Duke Energy proposes $10.4M electric vehicle program in South Carolina

Photo: paulbr75/pixabay.com/CC0 Creative Commons.

Charlotte-based Duke Energy Corp. recently announced plans to launch a pilot program to increase electric-vehicle charging options across South Carolina.

The pilot, if approved by the state Public Service Commission, would cost an estimated $10.4 million over three years and include four programs designed to research the effects of increasing adoption of electric transportation on Duke’s electric system, the behavior of customers, and the potential financial and environmental benefits to the state, according to a news release.

“Electric vehicles are coming to South Carolina, but more investment is needed to grow the adoption of this evolving technology and the benefits it brings to the state,” Kodwo Ghartey-Tagoe, Duke Energy’s South Carolina president, said in a statement. “We must prepare for this by providing for and better understanding the electrical needs of this growing population.

The first program would provide a rebate and ongoing quarterly participation payments for up to 400 residential customers installing qualifying Level II charging equipment in exchange for utility management of home charging during defined hours, according to the release. A Level II EV charger allows customers to charge their vehicles up to six times faster than a standard 120-volt wall outlet.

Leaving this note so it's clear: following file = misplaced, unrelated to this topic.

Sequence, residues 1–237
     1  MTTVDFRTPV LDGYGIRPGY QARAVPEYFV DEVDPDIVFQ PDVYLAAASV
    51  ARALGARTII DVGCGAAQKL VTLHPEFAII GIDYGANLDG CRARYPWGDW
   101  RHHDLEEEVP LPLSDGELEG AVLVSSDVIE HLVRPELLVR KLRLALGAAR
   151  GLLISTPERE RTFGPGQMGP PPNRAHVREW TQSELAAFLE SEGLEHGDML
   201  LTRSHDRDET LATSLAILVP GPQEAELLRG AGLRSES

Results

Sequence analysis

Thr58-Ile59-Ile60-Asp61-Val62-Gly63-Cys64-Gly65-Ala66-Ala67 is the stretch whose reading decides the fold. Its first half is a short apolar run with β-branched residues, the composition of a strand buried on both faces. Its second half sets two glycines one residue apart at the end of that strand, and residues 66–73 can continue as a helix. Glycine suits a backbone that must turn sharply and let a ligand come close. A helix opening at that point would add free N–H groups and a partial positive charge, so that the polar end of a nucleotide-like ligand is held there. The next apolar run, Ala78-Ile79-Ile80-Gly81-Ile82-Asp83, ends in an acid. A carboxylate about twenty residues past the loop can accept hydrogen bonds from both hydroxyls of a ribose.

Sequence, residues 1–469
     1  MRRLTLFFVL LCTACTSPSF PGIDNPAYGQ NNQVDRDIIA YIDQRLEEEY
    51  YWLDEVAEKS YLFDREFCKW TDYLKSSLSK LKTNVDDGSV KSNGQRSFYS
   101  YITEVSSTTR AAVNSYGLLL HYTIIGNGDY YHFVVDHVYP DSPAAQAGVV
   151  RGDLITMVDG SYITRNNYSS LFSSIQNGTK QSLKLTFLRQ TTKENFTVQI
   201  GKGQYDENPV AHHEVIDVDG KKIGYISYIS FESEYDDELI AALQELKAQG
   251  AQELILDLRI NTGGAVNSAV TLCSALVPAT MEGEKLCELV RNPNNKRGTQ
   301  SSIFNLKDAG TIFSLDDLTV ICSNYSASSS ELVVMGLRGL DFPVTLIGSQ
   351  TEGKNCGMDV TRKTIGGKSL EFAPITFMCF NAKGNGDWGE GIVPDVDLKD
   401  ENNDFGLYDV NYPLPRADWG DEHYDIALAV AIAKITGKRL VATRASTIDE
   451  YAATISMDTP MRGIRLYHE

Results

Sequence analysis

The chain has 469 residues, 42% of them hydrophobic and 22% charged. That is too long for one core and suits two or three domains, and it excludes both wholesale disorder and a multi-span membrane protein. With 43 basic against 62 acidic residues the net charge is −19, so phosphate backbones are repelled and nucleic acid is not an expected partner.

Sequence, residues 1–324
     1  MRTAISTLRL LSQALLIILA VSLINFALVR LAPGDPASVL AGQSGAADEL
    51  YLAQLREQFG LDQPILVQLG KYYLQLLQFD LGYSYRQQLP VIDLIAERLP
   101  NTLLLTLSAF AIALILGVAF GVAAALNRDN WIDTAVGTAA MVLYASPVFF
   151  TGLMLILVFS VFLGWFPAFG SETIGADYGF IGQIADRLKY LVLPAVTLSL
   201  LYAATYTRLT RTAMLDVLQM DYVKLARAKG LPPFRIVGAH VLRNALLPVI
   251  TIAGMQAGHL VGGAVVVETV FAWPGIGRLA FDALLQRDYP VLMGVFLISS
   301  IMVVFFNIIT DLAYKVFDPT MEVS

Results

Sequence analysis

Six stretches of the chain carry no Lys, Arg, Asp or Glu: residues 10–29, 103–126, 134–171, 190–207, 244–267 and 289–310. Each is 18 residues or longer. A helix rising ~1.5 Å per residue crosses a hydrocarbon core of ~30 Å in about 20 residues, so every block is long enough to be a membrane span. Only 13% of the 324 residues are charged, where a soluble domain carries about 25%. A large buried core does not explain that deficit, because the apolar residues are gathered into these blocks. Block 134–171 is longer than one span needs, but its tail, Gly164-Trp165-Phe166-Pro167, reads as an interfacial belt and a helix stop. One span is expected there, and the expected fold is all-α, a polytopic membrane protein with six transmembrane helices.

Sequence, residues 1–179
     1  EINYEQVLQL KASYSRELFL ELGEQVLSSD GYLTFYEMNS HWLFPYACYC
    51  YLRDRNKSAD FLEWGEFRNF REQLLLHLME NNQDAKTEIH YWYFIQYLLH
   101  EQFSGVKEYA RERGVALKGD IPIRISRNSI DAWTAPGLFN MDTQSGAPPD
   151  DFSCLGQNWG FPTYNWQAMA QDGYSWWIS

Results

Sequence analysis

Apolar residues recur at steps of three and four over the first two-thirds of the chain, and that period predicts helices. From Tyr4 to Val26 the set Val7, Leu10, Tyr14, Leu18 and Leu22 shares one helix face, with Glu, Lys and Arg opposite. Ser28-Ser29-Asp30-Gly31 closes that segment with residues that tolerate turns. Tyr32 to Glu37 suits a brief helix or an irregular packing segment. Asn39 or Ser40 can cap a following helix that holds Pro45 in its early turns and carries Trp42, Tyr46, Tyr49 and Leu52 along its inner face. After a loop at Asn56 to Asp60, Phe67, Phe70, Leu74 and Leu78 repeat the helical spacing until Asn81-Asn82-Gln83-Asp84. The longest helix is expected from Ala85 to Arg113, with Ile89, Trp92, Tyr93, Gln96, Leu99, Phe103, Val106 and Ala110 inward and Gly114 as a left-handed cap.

Other programs would facilitate the replacement of older diesel school buses with 30 electric buses, provide financial support to eligible transit-agency customers electing to procure electric buses for up to 30 charging stations, and establish a network of up to 30 DC fast-charging installations across South Carolina, according to the release. 

“Lack of charging stations is commonly cited as a barrier to purchasing an EV,” said Lang Reynolds, Duke Energy’s manager for electric transportation initiatives, in a statement. “That’s why our proposed pilot programs are designed to install a foundational level of fast charge infrastructure and better understand the effects of increasing adoption of electric transportation.”

For more information, visit www.duke-energy.com.    


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